Sometimes the things we want are defined by the things we do not want. That’s true for me to some extent, but as I get older, I know pretty much exactly what I want:
a) Peace and quiet = without these, I cannot relax. I do not want to be around people the entire day, and that includes my work day. I want to be able to close my office door and to be by myself. I need peace and quiet at work and at home, in other words, some hours to myself where I am beholden to no one. I want alone time that is responsibility-free and guilt-free, and that is not invaded by pointless conversations or people wanting me to feel guilty for not paying attention to them.
b) Real communication = without it, nothing works. If I cannot have real honest communication, then I’d rather not waste my time and other people’s time talking. I don’t want to fake conversations or interest in things I have no interest in, nor do I want to compete with others for listening time. If I am in conversation with you and all you want to do is to talk about yourself and how lousy your life is or how important your life is compared to others, then I don’t want to be your conversation partner. In other words, don’t waste my valuable precious time complaining to me about how miserable your life is or how important you are, because you have no idea what others might be dealing with on a daily basis. And they don’t burden the world with their problems or their inflated ego.
c) Simplicity = without it, life becomes a meaningless drudgery. The trend these days is to complicate everything. Workplaces are exercises in frustration and lack of effectiveness because administrative routines and rules have become too complicated. We worship on the altar of triviality. At home, the same can be true. I’d rather cook simple hearty meals from scratch, with fresh vegetables and foodstuffs, than load us up with excess salt and sugar from processed foods, pre-packaged foods, or foods that have been suffocated in plastic to ‘protect’ them (plastic wrapped so tightly around vegetables that it cannot be healthy for them). Why can’t vegetables and fruit be free and uncovered? Why must we waste time, money and energy on packing each individual vegetable into its own plastic housing? Why can’t we keep it simple? Grow some of our own vegetables, or support local farmers who do. Buy unpackaged vegetables or those that will be tossed away because they don’t ‘look’ appealing. Cut down on the amount of food purchased. You don’t need pantries stocked full of food, unless you believe the apocalypse is coming.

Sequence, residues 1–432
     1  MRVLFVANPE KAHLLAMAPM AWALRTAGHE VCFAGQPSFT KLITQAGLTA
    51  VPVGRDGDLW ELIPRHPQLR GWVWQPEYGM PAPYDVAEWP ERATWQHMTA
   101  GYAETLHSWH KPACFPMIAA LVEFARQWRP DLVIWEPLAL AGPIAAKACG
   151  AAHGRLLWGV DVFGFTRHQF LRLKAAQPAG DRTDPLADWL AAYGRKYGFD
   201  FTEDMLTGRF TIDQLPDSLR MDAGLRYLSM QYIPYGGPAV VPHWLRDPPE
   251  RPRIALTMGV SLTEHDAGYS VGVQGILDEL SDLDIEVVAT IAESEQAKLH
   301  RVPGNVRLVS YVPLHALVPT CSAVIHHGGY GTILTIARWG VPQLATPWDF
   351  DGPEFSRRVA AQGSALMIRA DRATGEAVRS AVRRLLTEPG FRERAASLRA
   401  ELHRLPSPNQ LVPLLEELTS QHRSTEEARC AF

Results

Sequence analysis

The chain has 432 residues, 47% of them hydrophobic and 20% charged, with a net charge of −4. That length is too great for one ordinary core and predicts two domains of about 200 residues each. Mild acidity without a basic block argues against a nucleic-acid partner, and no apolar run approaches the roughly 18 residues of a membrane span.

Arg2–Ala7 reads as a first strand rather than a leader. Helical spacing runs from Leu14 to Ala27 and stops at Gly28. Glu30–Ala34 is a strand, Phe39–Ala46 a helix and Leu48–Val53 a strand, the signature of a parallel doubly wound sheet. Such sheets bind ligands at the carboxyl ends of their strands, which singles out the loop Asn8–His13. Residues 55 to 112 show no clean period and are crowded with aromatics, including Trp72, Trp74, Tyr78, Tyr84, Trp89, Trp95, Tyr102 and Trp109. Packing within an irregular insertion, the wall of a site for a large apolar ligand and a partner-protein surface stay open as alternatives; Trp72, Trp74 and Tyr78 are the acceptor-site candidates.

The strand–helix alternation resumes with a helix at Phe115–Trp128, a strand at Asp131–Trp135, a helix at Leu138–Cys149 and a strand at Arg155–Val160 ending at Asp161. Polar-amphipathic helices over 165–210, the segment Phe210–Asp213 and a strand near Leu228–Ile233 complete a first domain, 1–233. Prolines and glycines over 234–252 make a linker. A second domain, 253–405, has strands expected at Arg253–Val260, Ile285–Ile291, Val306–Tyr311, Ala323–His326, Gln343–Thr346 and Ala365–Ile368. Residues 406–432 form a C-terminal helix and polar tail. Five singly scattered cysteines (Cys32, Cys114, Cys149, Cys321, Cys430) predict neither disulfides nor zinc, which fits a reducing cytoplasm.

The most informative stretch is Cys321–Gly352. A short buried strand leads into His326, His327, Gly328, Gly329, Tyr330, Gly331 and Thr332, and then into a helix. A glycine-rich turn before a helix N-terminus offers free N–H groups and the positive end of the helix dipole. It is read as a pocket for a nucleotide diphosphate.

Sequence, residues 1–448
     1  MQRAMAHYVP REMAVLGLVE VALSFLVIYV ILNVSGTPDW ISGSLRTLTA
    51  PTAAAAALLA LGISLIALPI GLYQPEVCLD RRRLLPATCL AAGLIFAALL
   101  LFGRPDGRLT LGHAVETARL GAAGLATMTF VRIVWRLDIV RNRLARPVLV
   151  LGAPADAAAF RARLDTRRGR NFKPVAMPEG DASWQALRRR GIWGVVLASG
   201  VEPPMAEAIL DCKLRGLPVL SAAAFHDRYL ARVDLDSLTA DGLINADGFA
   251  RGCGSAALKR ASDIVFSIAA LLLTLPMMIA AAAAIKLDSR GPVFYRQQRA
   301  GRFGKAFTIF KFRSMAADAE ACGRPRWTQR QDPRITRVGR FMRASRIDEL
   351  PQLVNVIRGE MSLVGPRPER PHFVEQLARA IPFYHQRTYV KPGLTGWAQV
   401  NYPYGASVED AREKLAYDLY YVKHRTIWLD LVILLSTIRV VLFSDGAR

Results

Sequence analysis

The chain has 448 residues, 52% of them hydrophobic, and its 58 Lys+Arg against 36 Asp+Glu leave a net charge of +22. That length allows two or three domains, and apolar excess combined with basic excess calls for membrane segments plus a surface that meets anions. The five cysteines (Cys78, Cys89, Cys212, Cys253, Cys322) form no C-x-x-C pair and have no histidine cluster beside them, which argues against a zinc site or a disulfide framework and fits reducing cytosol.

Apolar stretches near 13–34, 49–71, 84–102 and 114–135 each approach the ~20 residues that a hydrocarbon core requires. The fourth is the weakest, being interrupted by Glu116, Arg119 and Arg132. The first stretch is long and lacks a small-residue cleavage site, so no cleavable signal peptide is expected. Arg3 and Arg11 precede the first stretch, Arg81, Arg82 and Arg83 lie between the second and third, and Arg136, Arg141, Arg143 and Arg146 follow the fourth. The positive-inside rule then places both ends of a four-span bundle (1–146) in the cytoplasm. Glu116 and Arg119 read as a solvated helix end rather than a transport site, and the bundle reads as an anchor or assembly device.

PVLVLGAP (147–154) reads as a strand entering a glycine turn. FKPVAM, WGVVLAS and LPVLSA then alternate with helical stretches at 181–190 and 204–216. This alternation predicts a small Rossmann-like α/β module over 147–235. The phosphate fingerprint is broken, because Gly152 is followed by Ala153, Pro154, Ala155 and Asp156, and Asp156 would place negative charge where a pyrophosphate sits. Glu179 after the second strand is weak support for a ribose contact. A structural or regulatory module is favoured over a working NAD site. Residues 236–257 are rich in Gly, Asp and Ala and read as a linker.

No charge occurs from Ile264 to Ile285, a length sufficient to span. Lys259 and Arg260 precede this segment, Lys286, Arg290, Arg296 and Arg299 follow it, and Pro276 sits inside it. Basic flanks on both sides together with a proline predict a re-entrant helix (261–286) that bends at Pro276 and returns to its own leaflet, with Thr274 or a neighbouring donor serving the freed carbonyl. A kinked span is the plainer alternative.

d) Farewell to competition and to expectations = I’ve reached that point. I no longer want to compete. I don’t see the point of competition anymore. I no longer want expectations of greatness placed upon my shoulders by others who mean that I should aim high and have grandiose ambitions. Those days are gone; they belong to a past time when I was much younger. I’ve seen the light and accepted it, why can’t my leaders at work also see it? My super-productive days are over. I want an ordinary life, with ordinary cares and small worries each day. I want to putter, to garden, to hang out at home, to pursue my hobbies, to not have to measure up to specific metrics imposed on me at work, and to not have to worry about how I look or what I wear. If I want to walk around in jogging pants and sneakers, so be it. I want to walk in the sunshine, to be free to do so, to not have time constraints on me, to not have to have homework anymore in the form of articles to write or articles to read or review. I want to be free of grant applications and progress reports. I want peace, quiet, real communication, simplicity, and an unencumbered life.